BUCKHANNON — Local citizen Katie Loudin approached the Upshur County Commission Thursday morning on behalf of her family, to ask for policy change regarding a vicious/dangerous dog ordinance. The Loudin’s family dog, Gingersnap, who had recently turned 12, saw the family through a lot of major life events, such as grad school, their wedding, and the homecoming of both of their children. On May 29, Loudin told Commissioners that Gingersnap had been let out off the front porch and shortly after, her husband witnessed the dog being viciously shaken to death in the jaws of their neighbor’s dog.
The Loudin’s called 911 that evening to file a report and waited until the next morning to talk with Animal Control Officer Jason Knicely. Loudin explained that the assailant dog had been aggressive previously, but they chased it off and did not report the dog in effort to be kind to their neighbors. Unfortunately, being neighborly prevented Knicely from taking the dog to the pound forthwith.
Loudin said the ACO explained to her that had there been previous reports of the dog being aggressive, it could’ve been taken to the pound that morning. Knicely also allegedly told Loudin that if they lived in Lewis County, the dog could’ve been seized due to their new vicious/dangerous dog ordinance that passed in December 2019.
The Lewis County ordinance states, “That a public nuisance dog is a dog which chases, attacks, injures, bites or scratches a person, a dog which repeatedly scatters garbage or impinges upon or destroys property of another person, a dog which chases, attacks, or injures another animal not belonging to the owner of the dog and not located on the premise of the owner of the dog, and a dog which chases vehicles, bikes or other means of transportations, while not located on the dog owner’s property.” Regarding vicious dogs, the humane officer is designated as the person responsible for initially determining a probable cause to believe that a dog is a danger or vicious, and if found to be dangerous, the officer will communicate as much to the dog’s owner in writing, accompanied by a citation and a summons to appear before the Magistrate Court for violation of WV Code §19-20-20.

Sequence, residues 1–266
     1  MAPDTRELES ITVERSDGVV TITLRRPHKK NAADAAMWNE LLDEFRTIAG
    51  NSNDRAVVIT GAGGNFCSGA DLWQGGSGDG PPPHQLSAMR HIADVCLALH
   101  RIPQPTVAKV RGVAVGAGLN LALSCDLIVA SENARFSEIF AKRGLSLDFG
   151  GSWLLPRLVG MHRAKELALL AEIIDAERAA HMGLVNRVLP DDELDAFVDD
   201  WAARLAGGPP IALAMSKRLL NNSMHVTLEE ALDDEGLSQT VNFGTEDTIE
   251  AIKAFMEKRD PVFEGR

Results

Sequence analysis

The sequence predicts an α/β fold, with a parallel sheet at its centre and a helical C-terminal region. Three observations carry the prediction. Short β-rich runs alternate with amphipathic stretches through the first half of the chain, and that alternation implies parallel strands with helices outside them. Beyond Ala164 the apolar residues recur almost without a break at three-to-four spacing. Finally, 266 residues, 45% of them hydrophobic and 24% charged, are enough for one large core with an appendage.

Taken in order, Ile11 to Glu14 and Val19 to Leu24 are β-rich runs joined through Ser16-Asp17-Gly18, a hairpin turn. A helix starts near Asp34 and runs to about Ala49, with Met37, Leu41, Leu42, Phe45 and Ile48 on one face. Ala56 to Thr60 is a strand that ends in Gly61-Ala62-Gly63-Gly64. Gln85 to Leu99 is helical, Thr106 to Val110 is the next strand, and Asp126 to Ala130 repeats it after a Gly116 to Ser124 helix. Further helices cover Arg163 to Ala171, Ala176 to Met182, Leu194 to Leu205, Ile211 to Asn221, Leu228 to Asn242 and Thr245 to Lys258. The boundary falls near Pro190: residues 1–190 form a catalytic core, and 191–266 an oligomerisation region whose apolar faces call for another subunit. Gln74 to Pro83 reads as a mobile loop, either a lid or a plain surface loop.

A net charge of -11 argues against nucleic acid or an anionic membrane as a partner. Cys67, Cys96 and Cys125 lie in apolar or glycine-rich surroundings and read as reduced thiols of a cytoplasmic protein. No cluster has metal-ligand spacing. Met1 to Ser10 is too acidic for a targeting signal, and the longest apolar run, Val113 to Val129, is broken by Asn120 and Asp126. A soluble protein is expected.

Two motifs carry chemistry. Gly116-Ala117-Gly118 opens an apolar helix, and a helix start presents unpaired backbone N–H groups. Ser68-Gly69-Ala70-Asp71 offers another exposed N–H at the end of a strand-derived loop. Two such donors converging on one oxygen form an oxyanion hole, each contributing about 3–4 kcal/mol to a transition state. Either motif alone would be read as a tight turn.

Loudin requested that the Upshur County Commission pass an ordinance, at least as long as Lewis County’s, to protect the next family. She explained their neighbors have been kind, and in fact, they’re also grieving as they surrendered their dog on May 30 to be put down after the incident. “I am heartbroken for them, as they too have lost part of their family,” Loudin sympathized. She said her family has no interest in taking anyone to court, but she doesn’t want offending animals to sit in their homes, protected, while families next door can’t stop grieving their loss.
Also on Thursday morning, Building Permit and Floodplain Coordinator Terri Jo Bennett gave an update on the Wellness Complex located on Brushy Fork and what could be done there. It takes up approximately 14 acres and is located within the corporation limits. Bennett explained that approximately six and a half acres of it is considered to be in the floodplain. Before deciding what to do with the property, Bennet said the county would have to perform a Hydrologic and Hydraulic (H&H) Study, which measures the velocity of the water. She added that an estimate for the study could range from $11,000, up to $30,000. An engineering consultant out of Bridgeport estimated the lowest cost and would need a couple of months to complete the work. The H&H Study is performed on hazardous areas and will be measuring the velocity of the backup water coming from the Buckhannon River, which will be miles of work. Commissioner Kristie Tenney mentioned working together in collaboration with the Development Authority.
The Commission did not decide on either matter, as they would like to look into these issues more closely and make a decision at a later date.